Examples of decays by positron emission


11
6C

11
5B

0
+1e

1
0n

0
+1e

30
15P

30
14Si

0
+1e

Generally
1
1p

or

When an electron from a higher quantum level drops to the


energy level vacated by the captured electron, X radiation is
emitted.

Some examples are


81
37Rb

0
-1e

Particles found in nuclear reactions


symbol
1
0n or n
1
1H or p
0e
4
2He or
0

-1e or
0
+
+1e or

81
36Kr

202
81Tl

0
-1e

202
80Hg

Electron capture, like positron emission, has the effect of


converting a proton to a neutron:
1
1p

p n + +

PARTICLES IN N UCLEAR R EACTIONS

particle
neutron
proton
electron
alpha particle
beta particle
positron

Electron capture is a mode of radioactive decay in which an


inner-shell orbital electron is captured by the nucleus.

0
-1e

1
0n

T YPES OF R ADIOACTIVE D ECAY

type

nuclear equation

alpha decay

A
ZX

A-4
Z -2Y

beta emission

A
ZX

A
Z +1Y

positron emission

A
ZX

A
Z -1Y

electron capture

A
ZX

0
-1e

+ 42He
+

0
-1e
0
+1e

A
Z -1Y

change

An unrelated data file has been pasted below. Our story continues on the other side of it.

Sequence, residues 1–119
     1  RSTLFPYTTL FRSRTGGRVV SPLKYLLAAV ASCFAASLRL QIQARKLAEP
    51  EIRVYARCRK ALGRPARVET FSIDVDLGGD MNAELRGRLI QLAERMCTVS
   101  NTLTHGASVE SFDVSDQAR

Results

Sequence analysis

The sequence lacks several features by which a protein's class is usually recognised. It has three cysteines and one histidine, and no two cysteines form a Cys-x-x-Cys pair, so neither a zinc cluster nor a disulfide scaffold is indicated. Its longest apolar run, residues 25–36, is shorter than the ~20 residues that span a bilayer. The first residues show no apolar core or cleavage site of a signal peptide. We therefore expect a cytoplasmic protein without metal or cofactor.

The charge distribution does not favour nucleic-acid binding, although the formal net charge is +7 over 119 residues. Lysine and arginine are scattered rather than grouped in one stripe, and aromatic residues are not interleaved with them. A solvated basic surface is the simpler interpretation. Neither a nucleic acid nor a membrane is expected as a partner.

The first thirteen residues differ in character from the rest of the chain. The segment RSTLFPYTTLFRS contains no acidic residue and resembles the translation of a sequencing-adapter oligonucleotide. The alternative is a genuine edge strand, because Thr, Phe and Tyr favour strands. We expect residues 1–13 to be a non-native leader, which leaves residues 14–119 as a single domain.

in Z

change
in A

-2

-4

+1

unchanged

-1

unchanged

-1

unchanged

R ADIOACTIVE D ECAY M ODES

N EUTRON - TO -P ROTON R ATIO

EC

Neutrons are involved in the strong nuclear force that keep


positively charged protons within a small volume.

+
p

n
N

As the number of protons in a nucleus increases, there is an


ever greater need for neutrons to counteract the protonproton
repulsions.

at Z 20, nneutrons nprotons

at Z > 20, nneutrons > nprotons

to create a stable nucleus increases more rapidly than the


number of protons

Thus, the neutron-to-proton ratios of stable nuclei increase


with increasing atomic number

E.g.,

Parent
atom




Z

12
6C

(n/p = 1),

55
22Mn

(n/p = 1.2),

197
79Au

(n/p 1.49)

en.wikipedia.org/wiki/File:Radioactive decay modes.svg

N EUTRON - TO -P ROTON R ATIO

B ELT OF S TABILITY

The dark blue dots in the figure represent stable (nonradioactive)


isotopes. The region of the graph covered by these dark blue dots
is known as the belt of stability.

en.wikipedia.org/wiki/File:Table isotopes en.svg

The belt of stability ends at element 83 (bismuth).

All nuclei with 84 or more protons are radioactive.

R ADIOACTIVE D ECAY PATTERS

P REDICTING M ODES OF N UCLEAR D ECAY


BLBMWS 13 E , E XERCISE 21.3, P 916

The type of radioactive decay that a particular radionuclide


undergoes depends largely on how its neutron-to-proton ratio
compares with those of nearby nuclei that lie within the belt of
stability. Three general situations:
1. Nuclei above the belt of stability (high neutron-to-proton
ratios). Increase stability via emitting a beta particle.